Conservationists. Nobel Peace Prize winners. College professors. All these roles have a distinctive honorable, humanistic atmosphere around them. When you consider this group, you probably don’t think of “racial purists.” But the truth is, many who held these titles were also supporters of the American Eugenics movement, a social and political movement that focused on advancing the human race through selective reproduction.Continue reading “The History of the American Eugenics Movement”
You smile 30 times a day, and normally, you don’t even think about doing it. It happens involuntarily when you hear a funny joke. While it is easy for many to smile, I saw firsthand that for children around the world who suffer from cleft lip and palate deformities, including one-year-old Matias, smiling is almost impossible, and other vital functions like eating and breathing can be just as hard.Continue reading “Smile! You’re on Camera: How Repairing a Smile Can Save a Life”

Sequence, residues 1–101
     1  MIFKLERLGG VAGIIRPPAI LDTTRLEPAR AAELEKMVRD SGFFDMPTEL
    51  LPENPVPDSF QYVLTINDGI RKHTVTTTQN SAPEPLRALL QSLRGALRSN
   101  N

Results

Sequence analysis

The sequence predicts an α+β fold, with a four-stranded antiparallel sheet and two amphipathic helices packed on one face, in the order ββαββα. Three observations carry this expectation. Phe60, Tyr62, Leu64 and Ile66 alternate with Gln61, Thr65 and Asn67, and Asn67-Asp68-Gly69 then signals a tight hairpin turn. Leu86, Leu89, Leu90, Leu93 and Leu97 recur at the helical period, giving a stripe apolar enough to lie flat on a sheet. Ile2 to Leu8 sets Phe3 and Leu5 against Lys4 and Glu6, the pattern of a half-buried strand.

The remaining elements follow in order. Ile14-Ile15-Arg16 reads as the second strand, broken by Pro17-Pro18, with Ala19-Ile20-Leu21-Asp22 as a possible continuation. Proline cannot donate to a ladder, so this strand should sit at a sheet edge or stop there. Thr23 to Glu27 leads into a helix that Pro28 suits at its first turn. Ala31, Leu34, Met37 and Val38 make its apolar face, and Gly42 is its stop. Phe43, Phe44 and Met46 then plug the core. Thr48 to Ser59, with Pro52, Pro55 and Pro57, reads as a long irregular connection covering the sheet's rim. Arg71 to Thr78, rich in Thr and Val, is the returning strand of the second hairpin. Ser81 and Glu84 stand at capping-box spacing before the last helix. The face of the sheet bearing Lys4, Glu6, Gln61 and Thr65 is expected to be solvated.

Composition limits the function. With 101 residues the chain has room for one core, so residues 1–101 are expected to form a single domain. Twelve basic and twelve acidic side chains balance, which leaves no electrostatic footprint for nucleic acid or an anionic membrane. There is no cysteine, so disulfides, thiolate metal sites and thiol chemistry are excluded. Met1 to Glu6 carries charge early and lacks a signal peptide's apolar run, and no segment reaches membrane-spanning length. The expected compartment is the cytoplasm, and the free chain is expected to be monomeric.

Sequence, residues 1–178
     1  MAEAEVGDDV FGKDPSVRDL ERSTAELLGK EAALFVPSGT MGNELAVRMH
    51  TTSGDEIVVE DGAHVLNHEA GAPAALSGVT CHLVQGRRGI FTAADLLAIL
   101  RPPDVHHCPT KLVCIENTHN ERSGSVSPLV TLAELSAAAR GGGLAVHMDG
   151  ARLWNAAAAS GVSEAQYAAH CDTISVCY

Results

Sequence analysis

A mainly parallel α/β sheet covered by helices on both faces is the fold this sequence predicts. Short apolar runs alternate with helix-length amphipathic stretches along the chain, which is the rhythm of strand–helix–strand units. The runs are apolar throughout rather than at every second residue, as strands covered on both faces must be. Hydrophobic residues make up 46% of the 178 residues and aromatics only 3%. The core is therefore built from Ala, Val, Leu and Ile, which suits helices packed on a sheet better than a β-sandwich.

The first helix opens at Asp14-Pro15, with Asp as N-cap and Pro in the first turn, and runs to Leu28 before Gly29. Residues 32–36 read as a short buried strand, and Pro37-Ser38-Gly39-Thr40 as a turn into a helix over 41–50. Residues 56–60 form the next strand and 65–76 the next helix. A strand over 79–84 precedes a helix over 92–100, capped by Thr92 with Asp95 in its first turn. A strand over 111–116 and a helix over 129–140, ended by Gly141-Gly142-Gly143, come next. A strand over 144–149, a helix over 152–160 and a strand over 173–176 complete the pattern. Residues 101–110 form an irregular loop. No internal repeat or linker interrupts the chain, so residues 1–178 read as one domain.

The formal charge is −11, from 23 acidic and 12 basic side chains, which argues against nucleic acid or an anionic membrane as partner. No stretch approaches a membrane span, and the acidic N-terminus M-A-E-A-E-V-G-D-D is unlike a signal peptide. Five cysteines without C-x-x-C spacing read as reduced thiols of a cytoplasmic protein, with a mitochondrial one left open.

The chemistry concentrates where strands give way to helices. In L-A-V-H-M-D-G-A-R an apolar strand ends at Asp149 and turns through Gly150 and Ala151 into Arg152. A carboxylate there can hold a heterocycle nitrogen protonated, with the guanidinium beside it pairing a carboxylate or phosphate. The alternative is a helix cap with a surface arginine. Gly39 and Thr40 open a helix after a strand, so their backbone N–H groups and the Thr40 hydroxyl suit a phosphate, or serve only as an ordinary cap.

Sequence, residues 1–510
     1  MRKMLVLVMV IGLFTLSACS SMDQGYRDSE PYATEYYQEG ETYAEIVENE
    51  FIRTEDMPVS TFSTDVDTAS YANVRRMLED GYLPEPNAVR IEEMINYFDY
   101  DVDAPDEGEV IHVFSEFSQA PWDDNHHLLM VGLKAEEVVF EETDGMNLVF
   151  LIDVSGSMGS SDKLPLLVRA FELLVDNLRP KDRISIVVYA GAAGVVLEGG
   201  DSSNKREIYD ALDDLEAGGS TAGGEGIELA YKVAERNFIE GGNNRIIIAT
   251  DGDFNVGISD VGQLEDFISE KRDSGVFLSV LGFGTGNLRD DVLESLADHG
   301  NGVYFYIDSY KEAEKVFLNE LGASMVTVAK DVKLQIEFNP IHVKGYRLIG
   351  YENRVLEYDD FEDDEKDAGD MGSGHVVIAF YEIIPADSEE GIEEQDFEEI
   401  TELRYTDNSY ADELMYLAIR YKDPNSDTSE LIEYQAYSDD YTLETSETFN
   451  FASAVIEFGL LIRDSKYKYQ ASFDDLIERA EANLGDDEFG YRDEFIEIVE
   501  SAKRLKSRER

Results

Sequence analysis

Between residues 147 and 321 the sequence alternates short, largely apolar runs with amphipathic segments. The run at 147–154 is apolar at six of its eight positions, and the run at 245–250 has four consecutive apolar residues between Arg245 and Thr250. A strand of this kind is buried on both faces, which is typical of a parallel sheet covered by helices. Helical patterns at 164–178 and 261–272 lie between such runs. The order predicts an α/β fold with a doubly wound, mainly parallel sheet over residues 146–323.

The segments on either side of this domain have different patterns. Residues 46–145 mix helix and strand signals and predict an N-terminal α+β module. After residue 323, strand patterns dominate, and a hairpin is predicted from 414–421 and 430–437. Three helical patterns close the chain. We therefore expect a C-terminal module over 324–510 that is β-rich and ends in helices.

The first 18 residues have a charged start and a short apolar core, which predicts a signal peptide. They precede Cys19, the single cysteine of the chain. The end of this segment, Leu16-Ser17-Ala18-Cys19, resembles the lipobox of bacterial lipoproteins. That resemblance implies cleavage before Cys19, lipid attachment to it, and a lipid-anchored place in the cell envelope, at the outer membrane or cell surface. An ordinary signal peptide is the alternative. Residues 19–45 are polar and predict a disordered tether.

Our environment is facing a crisis. No, I’m not talking about the runaway carbon emissions that are ruining our climate. Rather, I’m talking about a threat that lives inside of our very own homes: the domestic house cat.
Vera Rubin sent ripples throughout the scientific community, as her work proposed a novel recipe for our universe. While we once believed our universe to be full of matter, Rubin led us to see a universe dominated by dark matter and dark energy. Today, we understand the universe to be made up of nearly 95% dark energy and dark matter, leaving only 5% of baryonic matter (protons, neutrons, tables, chairs, humans, dogs, etc.). Despite its dominating presence, dark matter properties remain mysterious! For example, dark matter does not emit light or energy. Though difficult to detect, Vera Rubin guided the field of cosmology to determine this mysterious source of matter must dominate in our universe. This is the story of Dr. Rubin’s journey from astronomer to queen of the cosmos.Continue reading “Queen of The Dark: Vera Rubin’s Voyage Through the Cosmos”
Soils have a PR problem. Think about it: Does dirt excite you? Are you energized by earth? For many of us, soil is just the musty medium our trees, flowers and food grow from. Perhaps you’ve been advised to rub dirt on a skinned knee (I did this once and received a nasty soil-borne infection, no joke).Continue reading “Playing Nice with Fungi: Using Crops to Build Healthy Soil”